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The research project "Information Law and the Digital Transformation of the University" addresses key challenges the European university sector faces today. These challenges include the increasing dependence of universities and researchers on suppliers of digital technologies and services, a complex but fragmented legislative framework on research, and researchers’ need for external data to study the digital world around us. Preserving ‘digital sovereignty’ of universities and researchers is key to a successful digital transformation of the university sector.

Information Law and the Digital Transformation of the University

Universities and academics play a vital role in science and society. In order to safeguard universities as independent, and public interest driven knowledge institutions, it is essential to safeguard and promote academic freedoms in the digital age. That is why the Executive Board of the University of Amsterdam has commissioned the Institute of Information Law (IViR) to investigate the digital transformation of the university.

This resulted in the research project “Information Law and the Digital Transformation of the University”. The research team, comprising eight IViR experts, has developed research reports exploring different aspects of digital sovereignty of universities, including concrete recommendations to universities and law- and policymakers. These reports provide answers to the following three questions:

  • 1. What does digital sovereignty mean for universities?

    Universities’ increasing reliance on commercial suppliers means the external influence on universities’ digital designs and academic practices grows. The concentration of digital infrastructures, and the data within, in the hands of powerful corporate entities bears the risk that academic values on which universities are founded will erode. It moreover leads to dependencies when it is costly and difficult to change suppliers or when digital services are not operating optimally together. Another concern is that personal and other data from universities’ digital environment are extracted for suppliers’ economic gains. Such risks have prompted universities’ calls for ‘digital sovereignty’.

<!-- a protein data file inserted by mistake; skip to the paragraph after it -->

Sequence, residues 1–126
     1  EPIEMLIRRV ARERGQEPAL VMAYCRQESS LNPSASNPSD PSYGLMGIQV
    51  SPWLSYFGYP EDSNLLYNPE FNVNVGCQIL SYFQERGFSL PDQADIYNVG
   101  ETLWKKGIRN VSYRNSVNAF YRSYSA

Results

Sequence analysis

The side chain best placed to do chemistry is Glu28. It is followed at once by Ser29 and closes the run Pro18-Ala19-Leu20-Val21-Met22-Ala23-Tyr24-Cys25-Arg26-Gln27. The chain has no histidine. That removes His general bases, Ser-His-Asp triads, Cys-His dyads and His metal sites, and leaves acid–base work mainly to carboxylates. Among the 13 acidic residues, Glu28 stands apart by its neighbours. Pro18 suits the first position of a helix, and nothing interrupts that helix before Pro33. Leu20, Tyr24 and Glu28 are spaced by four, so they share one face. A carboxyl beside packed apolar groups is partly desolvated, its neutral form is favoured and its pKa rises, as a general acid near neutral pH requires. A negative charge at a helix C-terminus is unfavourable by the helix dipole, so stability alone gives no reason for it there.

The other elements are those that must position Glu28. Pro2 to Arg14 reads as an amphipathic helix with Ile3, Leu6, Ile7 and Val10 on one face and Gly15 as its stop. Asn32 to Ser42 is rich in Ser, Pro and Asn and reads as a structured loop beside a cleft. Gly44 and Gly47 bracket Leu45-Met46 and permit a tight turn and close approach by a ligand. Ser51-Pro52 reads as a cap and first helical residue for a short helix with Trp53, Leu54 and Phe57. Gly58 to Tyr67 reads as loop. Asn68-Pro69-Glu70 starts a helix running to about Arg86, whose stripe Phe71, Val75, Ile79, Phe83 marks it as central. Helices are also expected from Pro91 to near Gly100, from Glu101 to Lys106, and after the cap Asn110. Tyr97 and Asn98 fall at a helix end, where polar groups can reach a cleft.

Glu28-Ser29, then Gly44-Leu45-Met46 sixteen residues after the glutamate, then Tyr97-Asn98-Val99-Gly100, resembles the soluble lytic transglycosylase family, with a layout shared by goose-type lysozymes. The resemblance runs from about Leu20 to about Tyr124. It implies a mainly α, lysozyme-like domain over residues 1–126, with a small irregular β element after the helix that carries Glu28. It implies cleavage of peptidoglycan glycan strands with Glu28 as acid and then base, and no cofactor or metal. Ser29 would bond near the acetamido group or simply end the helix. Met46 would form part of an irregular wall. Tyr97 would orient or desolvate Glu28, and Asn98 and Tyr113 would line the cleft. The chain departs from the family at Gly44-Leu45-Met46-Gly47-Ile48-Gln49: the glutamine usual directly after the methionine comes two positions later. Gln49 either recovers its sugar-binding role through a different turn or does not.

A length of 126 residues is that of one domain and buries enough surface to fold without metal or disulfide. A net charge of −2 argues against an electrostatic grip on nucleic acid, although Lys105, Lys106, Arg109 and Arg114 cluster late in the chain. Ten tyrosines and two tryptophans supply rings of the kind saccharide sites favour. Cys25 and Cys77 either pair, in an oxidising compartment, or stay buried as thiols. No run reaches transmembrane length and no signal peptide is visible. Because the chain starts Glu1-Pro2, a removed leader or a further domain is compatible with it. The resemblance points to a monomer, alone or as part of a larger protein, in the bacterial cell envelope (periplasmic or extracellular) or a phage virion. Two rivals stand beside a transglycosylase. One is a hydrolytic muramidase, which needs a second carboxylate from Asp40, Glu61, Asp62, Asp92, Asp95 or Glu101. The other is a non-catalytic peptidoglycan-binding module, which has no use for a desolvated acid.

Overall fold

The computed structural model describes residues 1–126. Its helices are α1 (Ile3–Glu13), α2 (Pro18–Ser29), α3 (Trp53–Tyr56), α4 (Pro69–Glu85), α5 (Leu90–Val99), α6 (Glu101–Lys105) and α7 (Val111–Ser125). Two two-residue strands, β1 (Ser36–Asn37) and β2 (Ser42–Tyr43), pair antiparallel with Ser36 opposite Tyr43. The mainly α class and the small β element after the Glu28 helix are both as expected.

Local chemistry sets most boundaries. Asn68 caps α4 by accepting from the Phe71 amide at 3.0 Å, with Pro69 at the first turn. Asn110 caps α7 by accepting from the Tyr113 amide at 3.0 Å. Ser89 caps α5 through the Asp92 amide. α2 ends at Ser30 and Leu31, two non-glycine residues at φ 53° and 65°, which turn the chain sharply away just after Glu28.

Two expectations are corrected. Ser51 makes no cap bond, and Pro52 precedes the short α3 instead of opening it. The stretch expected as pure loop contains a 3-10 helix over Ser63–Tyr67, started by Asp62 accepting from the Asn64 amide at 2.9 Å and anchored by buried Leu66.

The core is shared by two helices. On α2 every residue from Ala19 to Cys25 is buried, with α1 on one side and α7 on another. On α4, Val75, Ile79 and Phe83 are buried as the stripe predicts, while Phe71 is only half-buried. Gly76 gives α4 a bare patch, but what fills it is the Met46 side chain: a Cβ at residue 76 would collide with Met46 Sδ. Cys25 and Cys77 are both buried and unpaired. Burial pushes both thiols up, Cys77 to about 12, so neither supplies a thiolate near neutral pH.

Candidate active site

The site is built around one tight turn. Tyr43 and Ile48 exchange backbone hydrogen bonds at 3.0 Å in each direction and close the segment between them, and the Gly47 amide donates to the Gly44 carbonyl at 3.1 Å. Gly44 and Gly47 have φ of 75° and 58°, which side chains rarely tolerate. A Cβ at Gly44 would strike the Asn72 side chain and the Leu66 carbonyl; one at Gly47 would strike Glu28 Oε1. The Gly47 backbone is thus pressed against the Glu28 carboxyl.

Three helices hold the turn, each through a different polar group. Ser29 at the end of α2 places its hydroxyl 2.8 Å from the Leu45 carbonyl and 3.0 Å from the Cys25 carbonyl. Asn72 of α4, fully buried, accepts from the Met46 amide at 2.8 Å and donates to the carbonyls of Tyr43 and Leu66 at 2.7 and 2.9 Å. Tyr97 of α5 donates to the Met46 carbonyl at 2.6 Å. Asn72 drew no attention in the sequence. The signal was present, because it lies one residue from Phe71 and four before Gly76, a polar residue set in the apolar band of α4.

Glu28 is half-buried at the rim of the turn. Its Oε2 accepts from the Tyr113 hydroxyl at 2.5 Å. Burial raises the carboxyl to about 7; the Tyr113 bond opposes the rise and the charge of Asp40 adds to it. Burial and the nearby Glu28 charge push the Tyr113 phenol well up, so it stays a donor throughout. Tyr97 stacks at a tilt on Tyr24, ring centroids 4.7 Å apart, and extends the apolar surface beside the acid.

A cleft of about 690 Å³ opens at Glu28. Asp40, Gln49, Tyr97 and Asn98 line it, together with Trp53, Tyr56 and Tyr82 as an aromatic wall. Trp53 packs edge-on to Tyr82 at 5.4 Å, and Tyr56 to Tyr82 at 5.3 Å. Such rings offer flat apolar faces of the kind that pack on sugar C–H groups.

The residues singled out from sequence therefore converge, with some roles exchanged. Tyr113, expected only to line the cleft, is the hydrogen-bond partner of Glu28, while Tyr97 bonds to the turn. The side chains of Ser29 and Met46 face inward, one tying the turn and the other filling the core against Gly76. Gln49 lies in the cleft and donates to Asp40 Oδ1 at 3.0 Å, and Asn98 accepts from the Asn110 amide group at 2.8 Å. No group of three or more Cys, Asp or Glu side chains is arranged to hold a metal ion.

Recommendations to universities:

    • Develop a procurement framework that integrates the safeguarding of academic values. Tools can include lock-in risk assessments, data protection impact assessments and compliance audits
    • Produce shared knowledge about legal and technical assessments of frequently procured digital services and infrastructures and team up as a sector to increase negotiation power vis-à-vis large suppliers of digital services and infrastructures
    • Promote services and technologies developed with academic values and the public interest in mind and diversify the digital portfolio where possible

    Download the report on Digital Sovereignty (PDF, 101p.)

  • 2. How can EU law cater better to the needs of scientific research?